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#include <stdio.h>
#include <string.h>

int main()
{
        char *array[10]={};
        char* token;
        token = "testing";
        array[0] = "again";
        strcat(array[0], token);
}

why it returns Segmentation fault?

I'm a little confused.

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3  
Do yourself (and us) a favor and read a good book on C. –  Greg S Jul 17 '10 at 8:51

5 Answers 5

up vote 5 down vote accepted

Technically, this isn't valid C. (It is valid C++, though.)

char *array[10]={};

You should use

char *array[10] = {0};

This declares an array of 10 pointers to char and initializes them all to null pointers.

char* token;
token = "testing";

This declares token as a pointer to char and points it at a string literal which is non-modifiable.

array[0] = "again";

This points the first char pointer of array at a string literal which (again) is a non-modifiable sequence of char.

strcat(array[0], token);

strcat concatenates one string onto the end of another string. For it to work the first string must be contained in writeable storage and have enough excess storage to contain the second string at and beyond the first terminating null character ('\0') in the first string. Neither of these hold for array[0] which is pointing directly at the string literal.

What you need to do is something like this. (You need to #include <string.h> and <stdlib.h>.)

I've gone for runtime calculation of sizes and dynamic allocation of memory as I'm assuming that you are doing a test for where the strings may not be of known size in the future. With the strings known at compile time you can avoid some (or most) of the work at compile time; but then you may as well do "againtesting" as a single string literal.

char* token = "testing";
char* other_token = "again";

/* Include extra space for string terminator */
size_t required_length = strlen(token) + strlen(other_token) + 1;

/* Dynamically allocated a big enough buffer */
array[0] = malloc( required_length );
strcpy( array[0], other_token );
strcat( array[0], token );

/* More code... */

/* Free allocated buffer */
free( array[0] );
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1  
If you're using GNU extensions, you can shorten all of that length checking, allocating and copying to asprintf(&array[0], "%s%s", token, other_token); –  che Jul 17 '10 at 10:01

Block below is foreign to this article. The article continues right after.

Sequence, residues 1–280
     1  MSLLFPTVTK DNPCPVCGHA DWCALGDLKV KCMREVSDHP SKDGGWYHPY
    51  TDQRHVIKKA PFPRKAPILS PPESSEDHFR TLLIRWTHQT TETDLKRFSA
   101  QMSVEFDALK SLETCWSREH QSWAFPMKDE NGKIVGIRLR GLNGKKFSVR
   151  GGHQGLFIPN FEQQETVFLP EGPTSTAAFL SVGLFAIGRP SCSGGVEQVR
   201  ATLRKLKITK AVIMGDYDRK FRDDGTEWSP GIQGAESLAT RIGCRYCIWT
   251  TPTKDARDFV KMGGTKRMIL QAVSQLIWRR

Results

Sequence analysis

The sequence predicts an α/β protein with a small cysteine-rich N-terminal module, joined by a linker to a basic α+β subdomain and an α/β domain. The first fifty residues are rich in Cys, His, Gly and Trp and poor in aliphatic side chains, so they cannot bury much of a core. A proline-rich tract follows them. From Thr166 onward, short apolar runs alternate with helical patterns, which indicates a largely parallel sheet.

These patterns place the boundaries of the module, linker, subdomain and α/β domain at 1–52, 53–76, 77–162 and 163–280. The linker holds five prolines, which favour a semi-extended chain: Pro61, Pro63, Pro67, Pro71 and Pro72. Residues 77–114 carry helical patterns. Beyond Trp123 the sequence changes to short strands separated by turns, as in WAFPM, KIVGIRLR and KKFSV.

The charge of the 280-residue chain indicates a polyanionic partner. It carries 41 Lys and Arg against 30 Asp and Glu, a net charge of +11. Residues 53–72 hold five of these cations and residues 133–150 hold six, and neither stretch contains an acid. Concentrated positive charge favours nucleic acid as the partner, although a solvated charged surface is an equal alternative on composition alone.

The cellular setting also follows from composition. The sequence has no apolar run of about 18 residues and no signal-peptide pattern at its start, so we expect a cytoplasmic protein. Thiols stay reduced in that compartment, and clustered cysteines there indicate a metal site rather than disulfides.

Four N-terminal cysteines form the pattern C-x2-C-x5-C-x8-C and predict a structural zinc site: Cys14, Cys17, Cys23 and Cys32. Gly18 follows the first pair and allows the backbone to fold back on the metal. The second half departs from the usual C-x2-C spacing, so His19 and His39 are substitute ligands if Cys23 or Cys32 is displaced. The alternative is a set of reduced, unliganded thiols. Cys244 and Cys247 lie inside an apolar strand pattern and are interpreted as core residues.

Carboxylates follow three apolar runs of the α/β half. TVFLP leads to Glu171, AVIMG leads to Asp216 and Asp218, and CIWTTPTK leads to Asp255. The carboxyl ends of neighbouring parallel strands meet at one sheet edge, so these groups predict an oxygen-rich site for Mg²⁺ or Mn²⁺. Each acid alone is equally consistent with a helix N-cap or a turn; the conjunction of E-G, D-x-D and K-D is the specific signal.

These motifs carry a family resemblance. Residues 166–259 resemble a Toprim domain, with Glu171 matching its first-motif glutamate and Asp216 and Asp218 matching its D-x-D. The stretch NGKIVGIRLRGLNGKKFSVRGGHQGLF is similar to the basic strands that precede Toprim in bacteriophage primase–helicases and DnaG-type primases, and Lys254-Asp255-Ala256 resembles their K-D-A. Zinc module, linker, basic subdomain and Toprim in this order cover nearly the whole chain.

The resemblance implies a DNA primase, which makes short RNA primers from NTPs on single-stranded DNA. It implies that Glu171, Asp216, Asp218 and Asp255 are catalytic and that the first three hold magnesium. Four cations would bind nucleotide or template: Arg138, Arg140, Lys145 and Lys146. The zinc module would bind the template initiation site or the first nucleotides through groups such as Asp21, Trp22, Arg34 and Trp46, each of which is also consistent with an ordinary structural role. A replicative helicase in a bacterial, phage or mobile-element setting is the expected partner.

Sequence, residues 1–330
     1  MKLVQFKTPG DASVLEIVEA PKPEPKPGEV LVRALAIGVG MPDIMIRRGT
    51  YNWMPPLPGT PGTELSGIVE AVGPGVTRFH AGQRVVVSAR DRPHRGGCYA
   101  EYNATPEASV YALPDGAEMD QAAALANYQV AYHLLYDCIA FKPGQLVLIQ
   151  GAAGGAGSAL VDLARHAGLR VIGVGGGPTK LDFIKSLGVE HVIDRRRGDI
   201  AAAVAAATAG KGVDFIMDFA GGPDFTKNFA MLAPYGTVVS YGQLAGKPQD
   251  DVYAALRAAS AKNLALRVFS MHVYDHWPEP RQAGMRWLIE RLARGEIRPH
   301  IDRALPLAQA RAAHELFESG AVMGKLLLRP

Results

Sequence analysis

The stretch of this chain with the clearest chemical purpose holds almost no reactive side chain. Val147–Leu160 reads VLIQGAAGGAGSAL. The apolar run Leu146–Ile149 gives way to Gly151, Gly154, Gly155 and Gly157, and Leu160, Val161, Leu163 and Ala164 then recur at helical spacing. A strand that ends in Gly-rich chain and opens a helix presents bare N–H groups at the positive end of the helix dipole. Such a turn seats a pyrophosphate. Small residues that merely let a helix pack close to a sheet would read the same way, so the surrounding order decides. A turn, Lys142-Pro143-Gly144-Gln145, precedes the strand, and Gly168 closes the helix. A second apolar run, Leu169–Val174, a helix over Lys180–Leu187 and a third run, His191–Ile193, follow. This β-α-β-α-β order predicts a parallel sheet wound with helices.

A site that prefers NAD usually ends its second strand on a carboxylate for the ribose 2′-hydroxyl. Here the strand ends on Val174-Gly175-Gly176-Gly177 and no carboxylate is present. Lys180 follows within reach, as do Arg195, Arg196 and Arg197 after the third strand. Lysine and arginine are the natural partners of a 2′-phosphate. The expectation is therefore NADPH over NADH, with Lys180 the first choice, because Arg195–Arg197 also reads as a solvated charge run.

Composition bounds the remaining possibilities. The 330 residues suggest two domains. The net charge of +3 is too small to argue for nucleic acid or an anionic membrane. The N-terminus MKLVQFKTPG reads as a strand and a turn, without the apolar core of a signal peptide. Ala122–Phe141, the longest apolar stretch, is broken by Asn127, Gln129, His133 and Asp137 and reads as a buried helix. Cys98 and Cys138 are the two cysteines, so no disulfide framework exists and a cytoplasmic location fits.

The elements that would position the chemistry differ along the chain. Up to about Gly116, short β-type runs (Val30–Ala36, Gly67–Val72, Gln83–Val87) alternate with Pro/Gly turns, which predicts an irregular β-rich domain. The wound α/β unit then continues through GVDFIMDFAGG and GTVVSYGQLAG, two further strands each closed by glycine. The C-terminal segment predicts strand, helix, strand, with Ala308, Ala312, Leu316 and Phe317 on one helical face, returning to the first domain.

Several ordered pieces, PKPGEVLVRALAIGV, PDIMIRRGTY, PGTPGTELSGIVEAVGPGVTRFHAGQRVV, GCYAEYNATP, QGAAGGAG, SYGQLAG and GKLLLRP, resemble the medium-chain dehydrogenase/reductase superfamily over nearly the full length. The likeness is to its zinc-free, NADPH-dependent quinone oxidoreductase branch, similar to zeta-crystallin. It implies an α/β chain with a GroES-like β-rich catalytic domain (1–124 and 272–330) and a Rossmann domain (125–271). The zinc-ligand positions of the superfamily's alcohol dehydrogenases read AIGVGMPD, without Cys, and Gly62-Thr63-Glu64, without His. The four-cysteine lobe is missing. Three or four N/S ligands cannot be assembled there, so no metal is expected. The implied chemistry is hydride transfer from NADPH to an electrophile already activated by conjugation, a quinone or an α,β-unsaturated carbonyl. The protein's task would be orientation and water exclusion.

How this works: char *array[10] is an array of 10 char * pointers (basically 10 same things as token).

token = "testing" creates static space somewhere in your program's memory at build time, and puts "testing" there. Then in run time, it puts address to that static "testing" to token.

array[0] = "again" does basically the same thing.

Then, strcat(array[0], token) takes address in array[0], and tries to add token's content to string at that address. Which gives you segfault, since array[0] points to read-only data segment in your memory.

How to do this properly:

char * initial = "first"; // pointer to static "first" string
char * second = "another"; // another one
char string[20]; // local array of 20 bytes

strcpy(string, initial); // copies first string into your read-write memory
strcat(string, second); // adds the second string there

Actually, if you don't want to shoot yourself in the foot, the better way to do something like the last two lines is:

snprintf(string, sizeof(string), "%s%s", initial, second);

snprintf then makes sure that you don't use more than 20 bytes of string. strcat and strcpy would happily go over the limit into invalid memory, and cause another run-time segfault or something worse (think security exploits) if the copied string were longer then the destination space.

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To create a array of characters, char *array[10]={}; should instead be char array[10]={};

the segmentation fault occurs because array[0] points to "again", a string literal, and modifying string literals is a no-no(undefined behaviour)

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well, thanks a lot, but how can i create a string array then? –  user394552 Jul 17 '10 at 8:46
    
According to home.netcom.com/~tjensen/ptr/ch8x.htm array is array of 10 pointers to char, not a pointer to array. sizeof() of that construct is also equal to 8 * sizeof(char *). –  che Jul 17 '10 at 8:47
    
whoops, I always get confused by this stuff. Either way, a simple char array is what he needed –  Bwmat Jul 17 '10 at 8:49
    
That would have to be a char array[10][20] (10 strings of up to 19 characters). See lix.polytechnique.fr/~liberti/public/computing/prog/c/C/CONCEPT/… ! –  Carl Smotricz Jul 17 '10 at 8:52

If you're planning on changing the strings involved you should really allocate enough memory for what you need. For example instead of char *token; token = "testing"; you could use, say char token[20] = "testing";, which allows enough room for a 19 character string (plus the null byte at the end).

Similarly, you could use char array[10][20] = {"testing"}; to create an array of 10 strings and set the first one to testing.

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You are putting a string at array[0] which is only one character. Use array[0]='a' like this.

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Er...no it isn't, sagar. array[0] is a char *, not a char. While it is legal to store a char constant in a char * variable, it isn't very good practice. (Your answer was not downvoted by me, but perhaps I ought to have done so.) –  Brian Hooper Jul 17 '10 at 11:39

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